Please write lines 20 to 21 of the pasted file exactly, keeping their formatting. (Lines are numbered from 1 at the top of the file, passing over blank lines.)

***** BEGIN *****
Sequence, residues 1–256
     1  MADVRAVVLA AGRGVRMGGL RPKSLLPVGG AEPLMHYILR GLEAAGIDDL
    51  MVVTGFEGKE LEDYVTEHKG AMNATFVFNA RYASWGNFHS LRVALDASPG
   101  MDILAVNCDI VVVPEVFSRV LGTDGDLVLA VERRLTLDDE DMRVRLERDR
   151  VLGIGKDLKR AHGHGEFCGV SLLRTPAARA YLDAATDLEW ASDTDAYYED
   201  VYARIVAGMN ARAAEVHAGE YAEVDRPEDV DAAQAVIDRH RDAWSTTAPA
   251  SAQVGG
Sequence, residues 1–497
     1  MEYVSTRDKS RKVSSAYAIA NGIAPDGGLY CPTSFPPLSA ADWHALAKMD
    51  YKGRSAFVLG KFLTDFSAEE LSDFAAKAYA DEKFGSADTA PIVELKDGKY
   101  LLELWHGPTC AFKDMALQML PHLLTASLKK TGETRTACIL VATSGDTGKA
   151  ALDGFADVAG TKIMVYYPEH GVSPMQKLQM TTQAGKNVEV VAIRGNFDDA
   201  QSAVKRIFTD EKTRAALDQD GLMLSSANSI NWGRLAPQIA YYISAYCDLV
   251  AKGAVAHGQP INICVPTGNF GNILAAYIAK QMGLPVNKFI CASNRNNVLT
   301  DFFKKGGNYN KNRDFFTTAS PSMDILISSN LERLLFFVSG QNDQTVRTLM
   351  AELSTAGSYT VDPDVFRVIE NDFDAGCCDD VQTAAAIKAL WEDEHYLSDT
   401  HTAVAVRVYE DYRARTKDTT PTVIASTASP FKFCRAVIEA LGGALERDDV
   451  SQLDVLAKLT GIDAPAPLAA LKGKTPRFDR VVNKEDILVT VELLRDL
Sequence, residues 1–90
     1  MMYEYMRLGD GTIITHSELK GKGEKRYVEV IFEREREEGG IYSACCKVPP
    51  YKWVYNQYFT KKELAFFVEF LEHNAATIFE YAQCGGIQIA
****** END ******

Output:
     1  MMYEYMRLGD GTIITHSELK GKGEKRYVEV IFEREREEGG IYSACCKVPP
    51  YKWVYNQYFT KKELAFFVEF LEHNAATIFE YAQCGGIQIA